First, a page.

Philanthropy beat: Salvation Army's Reggae Ringer gets in the groove

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2011 photo of child putting money into a Salvation Army kettle.

Photo: Elizabeth Flores, Star Tribune

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He calls himself the Reggae Ringer, and every year about this time, you can find him next to a 5-foot palm tree, lighted flamingo and a Salvation Army kettle.

Wearing his trademark Hawaiian shirt and several leis, accompanied by Christmas classics arranged to a reggae beat, Scott Clausen is one of the Salvation Army’s more creative volunteers.

Not surprisingly, he also gets some of the more creative responses from folks passing by his makeshift tropical island — typically outside Macy’s at Ridgedale Shopping Center — in the dead of winter.

“This week I had a grand slam,” said Clausen, referring to an unusually large number of head-scratching encounters.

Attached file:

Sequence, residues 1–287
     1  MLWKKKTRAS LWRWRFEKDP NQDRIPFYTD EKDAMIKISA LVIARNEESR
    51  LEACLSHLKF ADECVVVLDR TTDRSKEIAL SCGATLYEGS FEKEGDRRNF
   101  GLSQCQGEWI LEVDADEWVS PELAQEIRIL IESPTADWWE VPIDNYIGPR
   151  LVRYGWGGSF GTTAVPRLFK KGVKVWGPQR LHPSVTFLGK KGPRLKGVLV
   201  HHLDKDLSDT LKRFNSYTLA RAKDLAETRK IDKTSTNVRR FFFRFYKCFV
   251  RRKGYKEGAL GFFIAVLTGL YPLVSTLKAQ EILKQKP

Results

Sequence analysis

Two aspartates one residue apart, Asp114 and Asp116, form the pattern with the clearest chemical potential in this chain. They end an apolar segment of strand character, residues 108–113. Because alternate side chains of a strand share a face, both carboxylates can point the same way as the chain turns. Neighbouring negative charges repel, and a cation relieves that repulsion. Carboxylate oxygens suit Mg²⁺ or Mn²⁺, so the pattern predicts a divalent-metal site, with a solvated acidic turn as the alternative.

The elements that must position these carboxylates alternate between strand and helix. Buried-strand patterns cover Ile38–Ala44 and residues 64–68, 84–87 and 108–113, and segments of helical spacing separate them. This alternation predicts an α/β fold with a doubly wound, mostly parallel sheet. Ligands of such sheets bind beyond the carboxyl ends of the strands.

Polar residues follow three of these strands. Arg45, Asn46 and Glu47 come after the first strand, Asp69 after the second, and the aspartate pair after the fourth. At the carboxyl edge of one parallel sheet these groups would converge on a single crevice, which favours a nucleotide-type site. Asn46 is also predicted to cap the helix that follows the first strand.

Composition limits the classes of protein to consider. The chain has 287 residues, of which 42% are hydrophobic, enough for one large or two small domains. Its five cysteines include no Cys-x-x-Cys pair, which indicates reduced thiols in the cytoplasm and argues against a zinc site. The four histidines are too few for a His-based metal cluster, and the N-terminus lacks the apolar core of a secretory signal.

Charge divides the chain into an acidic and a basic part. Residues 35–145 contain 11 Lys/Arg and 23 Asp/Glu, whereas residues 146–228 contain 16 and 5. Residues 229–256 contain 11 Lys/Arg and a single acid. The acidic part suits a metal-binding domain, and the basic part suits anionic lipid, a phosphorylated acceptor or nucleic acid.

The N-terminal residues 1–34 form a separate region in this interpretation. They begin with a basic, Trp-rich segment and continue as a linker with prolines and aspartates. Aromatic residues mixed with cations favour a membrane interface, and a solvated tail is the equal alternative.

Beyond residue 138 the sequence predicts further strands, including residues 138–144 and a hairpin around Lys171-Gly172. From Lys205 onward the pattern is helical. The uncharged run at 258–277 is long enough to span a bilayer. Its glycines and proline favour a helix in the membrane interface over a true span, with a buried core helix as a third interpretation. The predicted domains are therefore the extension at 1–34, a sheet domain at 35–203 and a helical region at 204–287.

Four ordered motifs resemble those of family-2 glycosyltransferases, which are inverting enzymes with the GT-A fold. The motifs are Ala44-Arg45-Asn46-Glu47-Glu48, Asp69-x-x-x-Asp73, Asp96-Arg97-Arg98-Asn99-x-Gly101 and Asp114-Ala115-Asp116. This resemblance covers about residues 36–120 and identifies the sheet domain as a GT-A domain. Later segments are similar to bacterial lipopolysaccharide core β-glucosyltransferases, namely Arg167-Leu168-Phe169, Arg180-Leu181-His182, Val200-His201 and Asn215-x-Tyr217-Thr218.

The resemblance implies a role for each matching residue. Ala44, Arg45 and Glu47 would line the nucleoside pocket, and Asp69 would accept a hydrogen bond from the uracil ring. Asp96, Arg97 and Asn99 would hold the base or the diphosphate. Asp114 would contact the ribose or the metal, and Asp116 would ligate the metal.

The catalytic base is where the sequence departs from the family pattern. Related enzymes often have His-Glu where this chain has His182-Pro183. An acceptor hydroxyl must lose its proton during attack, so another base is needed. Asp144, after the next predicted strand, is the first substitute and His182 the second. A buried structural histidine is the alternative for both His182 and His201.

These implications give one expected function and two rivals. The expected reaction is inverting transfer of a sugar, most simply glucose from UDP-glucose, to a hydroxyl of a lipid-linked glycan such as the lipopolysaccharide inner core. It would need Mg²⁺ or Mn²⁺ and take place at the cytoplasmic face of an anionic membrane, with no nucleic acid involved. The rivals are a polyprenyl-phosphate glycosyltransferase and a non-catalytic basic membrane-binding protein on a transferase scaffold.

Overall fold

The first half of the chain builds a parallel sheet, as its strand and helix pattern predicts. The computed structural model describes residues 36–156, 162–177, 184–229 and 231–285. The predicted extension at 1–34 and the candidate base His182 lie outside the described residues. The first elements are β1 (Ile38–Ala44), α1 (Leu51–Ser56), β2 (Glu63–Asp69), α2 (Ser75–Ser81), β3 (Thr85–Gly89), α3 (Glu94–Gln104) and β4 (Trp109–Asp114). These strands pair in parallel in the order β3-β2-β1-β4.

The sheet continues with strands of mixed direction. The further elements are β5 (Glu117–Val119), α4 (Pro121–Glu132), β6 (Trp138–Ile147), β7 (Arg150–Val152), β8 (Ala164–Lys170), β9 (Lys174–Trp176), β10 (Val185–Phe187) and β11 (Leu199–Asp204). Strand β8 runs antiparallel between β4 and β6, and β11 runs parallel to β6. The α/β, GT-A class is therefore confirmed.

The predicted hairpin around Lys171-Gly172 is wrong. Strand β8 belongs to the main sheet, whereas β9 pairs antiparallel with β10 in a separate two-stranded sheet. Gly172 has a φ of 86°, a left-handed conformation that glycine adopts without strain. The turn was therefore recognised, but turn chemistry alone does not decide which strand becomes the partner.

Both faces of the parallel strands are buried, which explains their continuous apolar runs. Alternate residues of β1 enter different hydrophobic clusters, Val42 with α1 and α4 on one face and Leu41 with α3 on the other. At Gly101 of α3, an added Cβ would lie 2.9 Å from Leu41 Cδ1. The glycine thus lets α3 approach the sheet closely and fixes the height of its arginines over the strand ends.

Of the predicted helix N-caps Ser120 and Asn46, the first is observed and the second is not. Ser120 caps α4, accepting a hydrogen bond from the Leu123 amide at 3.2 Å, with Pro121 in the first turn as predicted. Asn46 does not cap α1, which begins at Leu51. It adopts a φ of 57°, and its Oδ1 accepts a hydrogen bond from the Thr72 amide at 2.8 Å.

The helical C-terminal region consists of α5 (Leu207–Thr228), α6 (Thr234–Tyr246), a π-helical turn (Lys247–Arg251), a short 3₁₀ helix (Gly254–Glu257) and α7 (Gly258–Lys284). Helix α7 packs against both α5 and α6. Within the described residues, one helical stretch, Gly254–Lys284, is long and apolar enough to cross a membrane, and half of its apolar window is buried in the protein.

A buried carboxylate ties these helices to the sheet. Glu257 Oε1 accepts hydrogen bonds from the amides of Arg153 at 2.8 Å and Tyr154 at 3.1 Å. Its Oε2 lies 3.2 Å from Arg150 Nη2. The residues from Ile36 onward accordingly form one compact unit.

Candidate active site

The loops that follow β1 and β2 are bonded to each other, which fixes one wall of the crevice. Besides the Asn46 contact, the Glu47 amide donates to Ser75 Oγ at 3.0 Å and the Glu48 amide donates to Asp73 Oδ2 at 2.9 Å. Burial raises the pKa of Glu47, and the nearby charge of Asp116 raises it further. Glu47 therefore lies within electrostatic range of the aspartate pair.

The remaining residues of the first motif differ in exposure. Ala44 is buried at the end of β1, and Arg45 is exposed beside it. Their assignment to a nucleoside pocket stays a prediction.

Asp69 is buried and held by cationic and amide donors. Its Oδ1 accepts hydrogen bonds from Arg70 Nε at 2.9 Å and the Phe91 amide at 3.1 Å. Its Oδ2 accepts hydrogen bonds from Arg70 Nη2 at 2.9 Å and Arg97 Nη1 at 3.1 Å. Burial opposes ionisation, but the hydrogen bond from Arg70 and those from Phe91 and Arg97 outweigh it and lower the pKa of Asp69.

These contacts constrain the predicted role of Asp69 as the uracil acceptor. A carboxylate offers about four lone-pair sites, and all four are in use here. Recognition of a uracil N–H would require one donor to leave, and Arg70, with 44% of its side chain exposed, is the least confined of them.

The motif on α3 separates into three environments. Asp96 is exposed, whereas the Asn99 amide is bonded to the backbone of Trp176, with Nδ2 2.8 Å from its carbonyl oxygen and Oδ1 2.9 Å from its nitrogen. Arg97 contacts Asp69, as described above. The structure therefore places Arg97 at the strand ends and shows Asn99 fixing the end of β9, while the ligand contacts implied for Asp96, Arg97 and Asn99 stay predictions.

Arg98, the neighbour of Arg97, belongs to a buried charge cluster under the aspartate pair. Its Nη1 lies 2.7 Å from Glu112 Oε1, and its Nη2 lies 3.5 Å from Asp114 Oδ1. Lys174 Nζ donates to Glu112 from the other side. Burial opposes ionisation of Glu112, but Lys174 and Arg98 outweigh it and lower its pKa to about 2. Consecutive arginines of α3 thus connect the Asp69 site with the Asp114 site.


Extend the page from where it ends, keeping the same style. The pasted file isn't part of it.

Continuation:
“I’m a businessman, but I had two distinguished-looking gentlemen put money in my kettle and then hand me money ‘to buy yourself a hot meal,’ ” he said with a laugh. “Did I really look that bad?”

“Then I had a lady from a Lions Club give me her card, telling me, ‘You have to come to a meeting!’ ’’

“Next I had a retired motivational speaker open his wallet and pull out a business card, offering me advice on ‘Eight Ways to Lead a Successful Life.’ ”

It’s all in a day for Clausen, a Maple Grove business owner who has been bell ringing for four years.

Clausen said he began volunteering shortly after turning 50, when he realized he was drinking too much and not giving enough back to society.

Each year, he donates about 25 hours to his toe-tapping mission. A restaurant nearby lets him store his props between shifts, and also gives him free coffee.

With Christmas here, Clausen soon will pack up his tropical setting and put it in storage. He welcomes a break from the reggae music, he said, but not from the work. Being a bell ringer has been tremendously rewarding, he said.

“I really have enjoyed myself,” said Clausen. “When I’m asked or thanked, I always say the same thing: ‘We are all called to serve. It just depends if you listen or not.’ ”

JEAN HOPFENSPERGER • 612-673-4511

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